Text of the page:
That v4 is added in most later manuscripts of John’s gospel means it was likely a statement inserted into by a copyist who wanted to explain this text because v7 begs for an explanation. So if v4 is an explanation of v7 it reveals that this belief about the angel coming down to stir the pool and the first person stepping in to be healed is a reflection of the superstitions of the day rather than the truth of God. Now, I say if because it could’ve truly been that an angel did come down and do this, but because it’s absent in the earliest of manuscripts I think it’s not the case. But remember, how this pool worked isn’t essential to this passage. v4 does help us understand what’s happening here in our passage for sure, but it’s far from the main thing to see here. The main thing to see here is the power of Christ.[3]

The last thing to notice in the setting v1-5 lays out for us is that we’re introduced to a man in v5 who had been at this pool for 38 years seeking to be healed. We’ll speak more of him in a moment, for now just see him present by the pool and present in the heart and mind of Christ. So we have our setting in v1-5, now in v6, the focus turns to Jesus.

The Healing (v6-9a)

v6 begins with Jesus (when He did not have to) choosing to go to this pool and approach this sick man. Lesson? “Jesus moves toward need, not comfort, toward sinners, not the self righteous.”[4] Knowing how long he’d been there, He walks up to Him and says, “Do you want to be healed?” This is for sure an interesting way to begin speaking to this man. Some even think Jesus to be a bit rude here because He asks a question that shouldn’t be asked. Of course this man wants to be healed, he’s been by this pool for 38 years waiting for healing! Imagine waiting for something for 38 years, from 1979 to now, waiting to be made well. That’s five years longer than I’ve been alive…this is a long time. So why would Jesus ask this man if he wants to be healed? Because only in a fallen world will the sick sometimes prefer sickness over health. Having learned to depend on others for all his needs Jesus is pointing out that if he is healed, everything about his life will change. No more handouts, no more help, but in its place will be work and labor to earn what he needs for the first time in almost four decades.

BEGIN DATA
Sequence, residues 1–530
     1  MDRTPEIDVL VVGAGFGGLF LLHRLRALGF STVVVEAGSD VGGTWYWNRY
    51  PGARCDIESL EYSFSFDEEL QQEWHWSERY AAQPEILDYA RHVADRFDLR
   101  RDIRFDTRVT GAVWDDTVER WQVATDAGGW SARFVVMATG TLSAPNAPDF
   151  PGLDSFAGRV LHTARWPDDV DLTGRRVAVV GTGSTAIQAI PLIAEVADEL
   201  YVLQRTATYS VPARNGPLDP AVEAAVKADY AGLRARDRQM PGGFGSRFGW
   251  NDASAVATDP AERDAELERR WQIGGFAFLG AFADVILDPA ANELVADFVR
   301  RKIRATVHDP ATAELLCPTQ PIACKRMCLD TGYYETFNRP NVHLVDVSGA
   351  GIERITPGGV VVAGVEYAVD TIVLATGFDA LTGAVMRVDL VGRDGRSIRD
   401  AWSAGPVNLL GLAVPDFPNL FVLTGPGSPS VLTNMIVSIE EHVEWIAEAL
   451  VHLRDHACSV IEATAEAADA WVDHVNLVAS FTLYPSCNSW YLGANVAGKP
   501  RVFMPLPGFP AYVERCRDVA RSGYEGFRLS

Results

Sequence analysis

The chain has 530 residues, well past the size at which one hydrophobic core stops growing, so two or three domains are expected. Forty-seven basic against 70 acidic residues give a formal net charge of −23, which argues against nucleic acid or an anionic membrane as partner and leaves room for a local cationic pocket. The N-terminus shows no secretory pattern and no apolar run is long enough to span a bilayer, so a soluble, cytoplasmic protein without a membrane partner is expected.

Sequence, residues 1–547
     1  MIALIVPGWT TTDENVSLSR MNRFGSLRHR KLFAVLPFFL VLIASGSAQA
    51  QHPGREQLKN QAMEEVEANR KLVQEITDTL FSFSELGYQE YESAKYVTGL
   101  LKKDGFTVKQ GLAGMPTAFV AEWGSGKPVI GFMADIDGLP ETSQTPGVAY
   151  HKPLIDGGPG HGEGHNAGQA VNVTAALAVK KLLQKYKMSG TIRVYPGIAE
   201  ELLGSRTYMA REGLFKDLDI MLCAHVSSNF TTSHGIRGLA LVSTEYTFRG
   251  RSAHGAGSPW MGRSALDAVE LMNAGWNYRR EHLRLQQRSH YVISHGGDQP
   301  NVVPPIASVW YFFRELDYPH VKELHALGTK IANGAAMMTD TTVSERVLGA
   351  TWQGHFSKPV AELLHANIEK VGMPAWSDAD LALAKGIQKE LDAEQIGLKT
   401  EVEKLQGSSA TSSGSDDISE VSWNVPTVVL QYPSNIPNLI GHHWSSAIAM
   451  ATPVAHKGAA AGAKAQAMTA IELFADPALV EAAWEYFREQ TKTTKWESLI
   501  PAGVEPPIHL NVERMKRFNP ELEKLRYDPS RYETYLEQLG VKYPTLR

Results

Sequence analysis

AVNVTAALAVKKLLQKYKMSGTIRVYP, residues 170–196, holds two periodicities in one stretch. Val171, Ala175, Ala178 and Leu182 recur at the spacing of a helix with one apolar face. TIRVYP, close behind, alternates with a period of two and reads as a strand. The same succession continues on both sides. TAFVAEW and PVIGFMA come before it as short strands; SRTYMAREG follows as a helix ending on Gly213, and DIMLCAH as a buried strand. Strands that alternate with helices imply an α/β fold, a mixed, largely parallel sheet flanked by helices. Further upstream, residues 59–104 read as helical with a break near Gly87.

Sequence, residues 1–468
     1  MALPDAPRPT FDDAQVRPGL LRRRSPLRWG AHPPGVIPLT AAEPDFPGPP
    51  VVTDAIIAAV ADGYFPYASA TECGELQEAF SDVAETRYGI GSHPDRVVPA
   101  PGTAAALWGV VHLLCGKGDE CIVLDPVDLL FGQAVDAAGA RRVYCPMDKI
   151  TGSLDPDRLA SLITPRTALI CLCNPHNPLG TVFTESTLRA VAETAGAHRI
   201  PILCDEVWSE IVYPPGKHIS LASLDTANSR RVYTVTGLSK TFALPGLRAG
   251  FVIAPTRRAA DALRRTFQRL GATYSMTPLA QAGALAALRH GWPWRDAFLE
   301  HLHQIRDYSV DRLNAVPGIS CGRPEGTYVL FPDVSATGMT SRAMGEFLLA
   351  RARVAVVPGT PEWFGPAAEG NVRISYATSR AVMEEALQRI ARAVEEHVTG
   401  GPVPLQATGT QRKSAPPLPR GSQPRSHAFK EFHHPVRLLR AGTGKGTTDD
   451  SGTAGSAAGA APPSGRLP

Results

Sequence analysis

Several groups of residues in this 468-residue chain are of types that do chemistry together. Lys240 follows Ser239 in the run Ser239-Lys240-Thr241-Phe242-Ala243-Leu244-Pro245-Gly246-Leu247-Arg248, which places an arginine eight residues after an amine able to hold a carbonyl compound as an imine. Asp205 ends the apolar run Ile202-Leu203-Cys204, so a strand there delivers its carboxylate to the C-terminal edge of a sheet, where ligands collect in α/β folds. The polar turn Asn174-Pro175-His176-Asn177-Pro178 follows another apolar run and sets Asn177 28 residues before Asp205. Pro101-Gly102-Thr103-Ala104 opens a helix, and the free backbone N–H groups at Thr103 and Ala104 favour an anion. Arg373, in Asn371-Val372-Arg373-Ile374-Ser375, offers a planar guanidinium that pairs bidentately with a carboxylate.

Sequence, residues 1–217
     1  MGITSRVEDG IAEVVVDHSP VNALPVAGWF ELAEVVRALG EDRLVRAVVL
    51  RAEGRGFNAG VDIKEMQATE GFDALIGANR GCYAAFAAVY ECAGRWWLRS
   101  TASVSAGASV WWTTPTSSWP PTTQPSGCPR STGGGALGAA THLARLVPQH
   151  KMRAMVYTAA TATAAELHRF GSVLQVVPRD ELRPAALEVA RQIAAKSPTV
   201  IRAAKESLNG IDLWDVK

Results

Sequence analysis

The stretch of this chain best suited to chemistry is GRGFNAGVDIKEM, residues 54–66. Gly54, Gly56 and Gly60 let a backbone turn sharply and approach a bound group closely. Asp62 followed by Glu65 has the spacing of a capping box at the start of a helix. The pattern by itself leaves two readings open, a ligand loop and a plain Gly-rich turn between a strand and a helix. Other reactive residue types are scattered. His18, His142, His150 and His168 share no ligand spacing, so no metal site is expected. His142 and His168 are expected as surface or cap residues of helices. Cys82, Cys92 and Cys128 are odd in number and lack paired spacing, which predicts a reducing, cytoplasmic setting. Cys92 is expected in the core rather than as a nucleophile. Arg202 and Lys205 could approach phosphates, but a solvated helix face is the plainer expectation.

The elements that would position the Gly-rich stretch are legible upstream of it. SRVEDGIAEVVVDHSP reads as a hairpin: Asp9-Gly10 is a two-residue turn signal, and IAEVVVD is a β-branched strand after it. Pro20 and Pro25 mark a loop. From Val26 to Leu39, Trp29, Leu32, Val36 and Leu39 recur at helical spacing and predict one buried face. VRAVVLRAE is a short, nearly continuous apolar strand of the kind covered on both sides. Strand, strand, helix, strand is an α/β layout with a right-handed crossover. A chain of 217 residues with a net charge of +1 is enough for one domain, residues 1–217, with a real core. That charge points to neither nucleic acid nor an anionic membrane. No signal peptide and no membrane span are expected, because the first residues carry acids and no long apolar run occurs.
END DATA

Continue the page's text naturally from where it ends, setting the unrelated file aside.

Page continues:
In v7 the man doesn’t respond with a simple ‘Yes’ but explains his situation. “Sir, I have no one to put me into the pool when the water is stirred up, and while I am going another steps down before me.” He knew his sickness, his limitations, and his weakness full well, he did not argue about this. He was not like many modern day churchgoers, who are lost and either don’t know it or aren’t willing to confess it.[5] No, he felt it, and owned it. And yet here he was alongside a multitude of those like him, gazing into the heavens thinking an angel will come to stir the waters and provide them a chance to be healed, when Jesus Christ, the One who could truly heal them is there, and yet isn’t being sought by anyone of them! May this sad scene not be repeated among us here this morning. May you have eyes to see not only how sad a condition our sin leaves us in but eyes to see Christ as well, the great and only Savior of sinners! Into this sad scene, full of sad people, living sad lives, unwilling to seek healing from the Savior of the world, comes the voice of the One who spoke the world into existence. v8, “Get up, take up your bed, and walk.” What the superstitious legend surrounding this pool could not provide this man, Jesus provides in a single word.